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Wednesday, November 28, 2035
OK, Serena thinks I really am old and decrepit. She might be half-right. But thanks to everyone pitching in, including Bobby, we had the apartments ready in time for our new boarders. Seems to be a recurring theme at FAR Manor, huh? Call them… the Smiths and the Joneses. Close enough.
Speaking of Bobby, his new best friend is Martina Smith — she’s his age and he’s spent the first week showing her everything around the place. Sean and Mary (her parents) were a little apprehensive at first, but when Pat’s not in school he’s taking the day shift in the pasture, so there was plenty of firepower in case any critter (two-legged or four) were to give trouble. As for boy/girl stuff: 1) they’re 10. 2) kids these days have no modesty whatsoever anyway, so it’s not like “playing doctor” is any thrill. I guess that happens when you spend winters sharing a house with two or three families — after a while, you just stop worrying about walking in on someone… from there, it’s a short step to polite not-seeing and then to doesn’t-matter-anyway. Meanwhile, the kids all have to pile into the bathtub together (with one at a time, only the first few would get warm water), so they’ve known little different. From the privacy perspective, the new folks were thrilled to have their own apartments, even if they’re a little small. They said on the way up here, they were wondering what they might end up with — there are stories already going around about people who are making their guests sleep in tents or the living room floor, some real horror stories. I wonder how much of that is promised help not showing up (like what happened here), and how much is people just taking the government stipend and not bothering to provide for their guests.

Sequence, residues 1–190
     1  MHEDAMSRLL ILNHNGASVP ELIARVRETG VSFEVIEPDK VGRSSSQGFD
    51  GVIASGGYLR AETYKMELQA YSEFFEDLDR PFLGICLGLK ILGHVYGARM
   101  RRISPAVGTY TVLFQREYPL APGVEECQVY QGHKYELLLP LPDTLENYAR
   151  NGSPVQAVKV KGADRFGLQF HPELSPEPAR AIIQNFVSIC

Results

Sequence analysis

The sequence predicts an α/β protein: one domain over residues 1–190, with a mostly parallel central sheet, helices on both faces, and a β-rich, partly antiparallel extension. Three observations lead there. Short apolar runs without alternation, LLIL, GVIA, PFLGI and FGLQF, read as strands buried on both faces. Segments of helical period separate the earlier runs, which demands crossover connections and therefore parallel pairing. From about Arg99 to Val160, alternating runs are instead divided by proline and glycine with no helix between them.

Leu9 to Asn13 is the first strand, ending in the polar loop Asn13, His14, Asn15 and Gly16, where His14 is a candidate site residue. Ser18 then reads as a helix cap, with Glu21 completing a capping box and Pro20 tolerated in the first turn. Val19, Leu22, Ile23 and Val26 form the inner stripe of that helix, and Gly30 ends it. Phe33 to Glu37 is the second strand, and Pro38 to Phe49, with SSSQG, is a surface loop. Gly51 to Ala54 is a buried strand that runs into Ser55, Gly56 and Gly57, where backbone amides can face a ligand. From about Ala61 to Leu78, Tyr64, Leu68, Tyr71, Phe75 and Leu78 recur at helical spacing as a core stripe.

Ray Jones is like 6 years old, so he would have been on his own except that he and Pat hit it off somehow… don’t ask me what a half-alienated teen sees in him, or vice versa, but the oldest and the youngest are buddies. It doesn’t seem to bother the Joneses, or maybe it bothers me more than it should. It’s good to see Pat taking an interest in someone other than himself; he just seemed to be pulling himself into a shell before. His homework is starting to turn around, and he’s talking about signing up for music come spring semester. Ray and Martina didn’t take long to adjust to school — their schools were very similar in structure and use the same textbooks for all but one or two courses. Bobby and Martina help each other with their schoolwork, naturally, while Pat helps Ray with reading and math. I guess they spend a lot of time out at the tree house in the pasture.